Alternatively, if the AAO's decision is read as finding that the position of houseparent involved only secular functions, we do not find that conclusion supported by substantial evidence of record.   Camphill consistently testified that Goetze's position involved a number of clearly religious responsibilities, including “imbuing residents with the religious values and practices of Camphill[;] conducting house-based activities, including practical chores, prayer, festival celebrations and Bible readings[;] instructing other staff in the practices and Christian values of Camphill life[;][and][t]eaching religious subjects and values to mentally retarded young adults.”   App. I at 35.   Moreover, the religious texts included in the administrative record, including transcripts from a series of lectures entitled “Curative Education,” App. II at 62-85, appear to provide some support for Camphill's contention that even the prescribed manner of care for its mentally handicapped residents involved religious aspects.   The AAO did not analyze or otherwise engage this evidence, but rather stated perfunctorily that Goetze's duties are “wholly secular.”   There is little or no support in the record for that claim.

Finally, we consider the AAO's position that a “religious occupation” must be a “traditionally full-time salaried position[ ] requiring specific religious or theological training.”   This interpretation is similarly questionable.   The requirement that the position be “salaried” appears to be inconsistent with the list of religious occupations given in the regulation itself, which includes positions-perhaps most notably “missionaries”-who do not always receive salaries.   We further note that in promulgating the final rules at issue, the agency explicitly stated that they had been “revised to account more clearly for uncompensated volunteers, whose services are engaged but who are not technically employees.”  56 Fed.Reg. 66965 (Dec. 27, 1991) (emphasis added).

 With respect to the “full-time” and “religious or theological training” requirements, assuming for the sake of argument that such requirements are consistent with the regulation, we see no evidence that the position offered by Camphill would not qualify.   Camphill indicated to the agency that Goetze's responsibilities required at least 80 hours of labor per week, see App. I at 35, and that she would be working “full-time,” without “supplemental employment.”  Id. at 36.   Camphill also submitted detailed descriptions of its training process, see App. II at 59-61, as well as extensive excerpts from its religious texts in response to the agency's request for training curriculum.   See App. I at 32;  App. II at 62-146.   Again, there is no suggestion in the AAO's opinion that this evidence was ever considered-only the bald assertion that Camphill had “not shown that the position of houseparent is traditionally a permanent salaried position or that the duties of the position require specific religious training.”   App. I at 26.   This is insufficient to constitute substantial evidence in support of the AAO's conclusion.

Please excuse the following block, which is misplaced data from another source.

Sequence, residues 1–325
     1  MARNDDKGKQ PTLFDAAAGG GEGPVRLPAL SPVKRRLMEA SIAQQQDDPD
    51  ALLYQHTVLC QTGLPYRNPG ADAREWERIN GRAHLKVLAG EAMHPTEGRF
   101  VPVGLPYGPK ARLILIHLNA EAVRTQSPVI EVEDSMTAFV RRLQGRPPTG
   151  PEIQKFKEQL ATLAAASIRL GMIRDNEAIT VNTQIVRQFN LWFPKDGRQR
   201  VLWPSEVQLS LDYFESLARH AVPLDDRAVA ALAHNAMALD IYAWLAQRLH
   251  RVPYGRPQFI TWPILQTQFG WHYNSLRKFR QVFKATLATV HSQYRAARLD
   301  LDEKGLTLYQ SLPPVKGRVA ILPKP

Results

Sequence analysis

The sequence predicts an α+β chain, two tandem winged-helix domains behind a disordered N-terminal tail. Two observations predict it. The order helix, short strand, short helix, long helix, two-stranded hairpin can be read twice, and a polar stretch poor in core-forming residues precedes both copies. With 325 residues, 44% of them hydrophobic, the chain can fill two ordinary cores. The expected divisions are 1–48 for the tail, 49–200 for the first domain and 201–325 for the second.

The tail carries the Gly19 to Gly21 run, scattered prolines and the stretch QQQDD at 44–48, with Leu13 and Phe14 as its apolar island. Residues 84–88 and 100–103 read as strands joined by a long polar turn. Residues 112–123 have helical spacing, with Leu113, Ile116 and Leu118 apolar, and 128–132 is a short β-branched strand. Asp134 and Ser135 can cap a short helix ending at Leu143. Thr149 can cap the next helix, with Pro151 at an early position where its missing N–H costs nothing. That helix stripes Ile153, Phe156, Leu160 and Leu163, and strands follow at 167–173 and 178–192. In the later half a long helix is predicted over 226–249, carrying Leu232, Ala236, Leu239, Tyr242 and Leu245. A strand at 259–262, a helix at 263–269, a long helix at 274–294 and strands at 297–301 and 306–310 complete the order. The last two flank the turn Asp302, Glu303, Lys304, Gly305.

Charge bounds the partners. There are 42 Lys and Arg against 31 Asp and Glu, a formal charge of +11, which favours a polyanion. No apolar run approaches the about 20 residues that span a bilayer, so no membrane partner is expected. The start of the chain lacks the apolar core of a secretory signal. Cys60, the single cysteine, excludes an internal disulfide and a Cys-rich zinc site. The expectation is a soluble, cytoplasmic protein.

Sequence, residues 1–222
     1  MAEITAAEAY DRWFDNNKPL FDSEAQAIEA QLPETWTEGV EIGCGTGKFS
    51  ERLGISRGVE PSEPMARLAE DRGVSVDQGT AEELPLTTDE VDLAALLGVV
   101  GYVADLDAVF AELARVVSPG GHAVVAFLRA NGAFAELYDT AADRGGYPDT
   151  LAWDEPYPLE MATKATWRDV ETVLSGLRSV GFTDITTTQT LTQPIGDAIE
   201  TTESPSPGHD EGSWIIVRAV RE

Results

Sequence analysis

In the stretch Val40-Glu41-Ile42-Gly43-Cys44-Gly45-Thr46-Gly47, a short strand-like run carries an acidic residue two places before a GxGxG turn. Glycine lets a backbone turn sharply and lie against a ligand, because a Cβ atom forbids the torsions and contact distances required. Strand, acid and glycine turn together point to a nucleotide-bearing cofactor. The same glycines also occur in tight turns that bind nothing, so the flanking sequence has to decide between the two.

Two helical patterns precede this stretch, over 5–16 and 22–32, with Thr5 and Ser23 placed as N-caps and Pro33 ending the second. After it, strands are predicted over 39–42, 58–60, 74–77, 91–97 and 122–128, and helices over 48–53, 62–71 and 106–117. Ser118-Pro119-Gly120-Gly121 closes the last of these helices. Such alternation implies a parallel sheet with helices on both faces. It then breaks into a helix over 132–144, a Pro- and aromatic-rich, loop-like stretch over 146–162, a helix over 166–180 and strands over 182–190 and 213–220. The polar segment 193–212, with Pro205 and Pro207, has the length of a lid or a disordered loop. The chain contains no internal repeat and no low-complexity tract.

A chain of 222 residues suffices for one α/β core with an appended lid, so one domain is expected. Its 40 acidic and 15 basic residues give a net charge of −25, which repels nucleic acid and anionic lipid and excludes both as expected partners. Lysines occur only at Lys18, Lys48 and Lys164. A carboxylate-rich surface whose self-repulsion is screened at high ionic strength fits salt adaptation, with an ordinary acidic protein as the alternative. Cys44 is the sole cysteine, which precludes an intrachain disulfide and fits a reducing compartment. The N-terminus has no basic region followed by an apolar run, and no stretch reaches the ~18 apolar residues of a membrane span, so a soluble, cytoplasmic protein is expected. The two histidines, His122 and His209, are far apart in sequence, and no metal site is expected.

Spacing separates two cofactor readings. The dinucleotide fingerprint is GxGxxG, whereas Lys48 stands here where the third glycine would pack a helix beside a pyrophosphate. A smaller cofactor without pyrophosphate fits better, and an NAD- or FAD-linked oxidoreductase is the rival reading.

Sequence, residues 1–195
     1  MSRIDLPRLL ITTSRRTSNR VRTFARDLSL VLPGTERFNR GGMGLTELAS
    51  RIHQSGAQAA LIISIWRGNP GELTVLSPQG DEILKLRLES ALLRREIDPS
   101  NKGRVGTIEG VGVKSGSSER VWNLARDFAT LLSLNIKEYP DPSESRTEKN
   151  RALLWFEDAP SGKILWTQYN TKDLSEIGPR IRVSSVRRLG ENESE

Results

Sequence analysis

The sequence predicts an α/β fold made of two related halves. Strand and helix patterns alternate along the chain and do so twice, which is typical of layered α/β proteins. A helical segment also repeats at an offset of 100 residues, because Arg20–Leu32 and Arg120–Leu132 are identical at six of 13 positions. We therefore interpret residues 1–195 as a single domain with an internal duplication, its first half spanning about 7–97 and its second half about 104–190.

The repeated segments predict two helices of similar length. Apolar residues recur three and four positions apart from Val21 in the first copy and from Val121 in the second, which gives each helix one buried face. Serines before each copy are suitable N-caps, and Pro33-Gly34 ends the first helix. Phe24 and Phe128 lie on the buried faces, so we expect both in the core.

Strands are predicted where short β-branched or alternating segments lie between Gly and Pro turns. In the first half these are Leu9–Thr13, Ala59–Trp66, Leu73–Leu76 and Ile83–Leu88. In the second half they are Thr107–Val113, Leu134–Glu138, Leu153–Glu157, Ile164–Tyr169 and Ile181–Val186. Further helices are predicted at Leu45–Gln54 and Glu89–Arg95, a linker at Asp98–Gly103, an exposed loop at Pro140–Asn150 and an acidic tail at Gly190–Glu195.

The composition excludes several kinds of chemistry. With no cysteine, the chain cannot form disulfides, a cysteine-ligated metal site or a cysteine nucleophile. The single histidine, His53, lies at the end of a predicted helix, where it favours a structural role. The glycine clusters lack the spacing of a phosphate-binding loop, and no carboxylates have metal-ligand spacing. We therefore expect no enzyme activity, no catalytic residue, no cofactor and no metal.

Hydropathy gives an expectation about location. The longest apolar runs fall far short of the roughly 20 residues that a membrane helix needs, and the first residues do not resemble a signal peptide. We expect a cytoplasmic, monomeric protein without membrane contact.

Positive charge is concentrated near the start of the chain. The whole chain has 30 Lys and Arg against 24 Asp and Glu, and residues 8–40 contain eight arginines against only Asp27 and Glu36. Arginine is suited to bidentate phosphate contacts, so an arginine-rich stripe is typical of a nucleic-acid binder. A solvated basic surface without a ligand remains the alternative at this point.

We need not set forth here a definitive test regarding when a job may or may not be characterized as a “religious occupation.”   However, we think it clear that the AAO has failed to show why the position offered by Camphill to Goetze in this case does not qualify. Accordingly, we cannot sustain the decision of the AAO on this ground without further evidence or explanation.


 The other two reasons underlying the AAO's denial of Camphill's visa application had to do with purported evidentiary deficiencies.   Specifically, the AAO held that Camphill had not proven that Goetze had two years of continuous experience in the relevant occupation, see 8 C.F.R. § 204.5(m)(1), nor had it proven that a “qualifying job offer” had been tendered to Goetze, see id. § 204.5(m)(4).

It is true that Camphill did no more than submit a letter explaining (among other things) that Goetze had been employed by Camphill for four years, see App. II at 35, and that she would continue to receive room, board, medical insurance, etc., as compensation for her work, see App. II at 36.   On the other hand, the AAO decision does not explain in any reasonable detail why this evidence was insufficient.   The AAO simply states that “supporting documentary evidence” should have been submitted, and cites Matter of Treasure Craft of California, 14 I. & N. Dec. 190 (Reg.Comm.1972), for the proposition that the petitioner in visa proceedings bears the evidentiary burden of proof.

Of course, there is no doubt that Camphill bore the burden of proof in this case;  again, the critical question is why the letter presented by Camphill was insufficient to sustain that burden. In this respect, Treasure Craft is easily distinguished from this case.   There, the petitioner went on record as declaring that competent training in the pottery industry was not available in Mexico.   The Regional Commissioner deciding the case took administrative notice of the fact that Mexico had a thriving pottery trade, and accordingly held that the assertions by the petitioner were insufficient to sustain the burden of proof.   Here, by contrast, there was no similar administrative notice opposing Camphill's documentation to the effect that Goetze did indeed undergo significant religious training, was employed by Camphill for two years, and had been extended a job offer.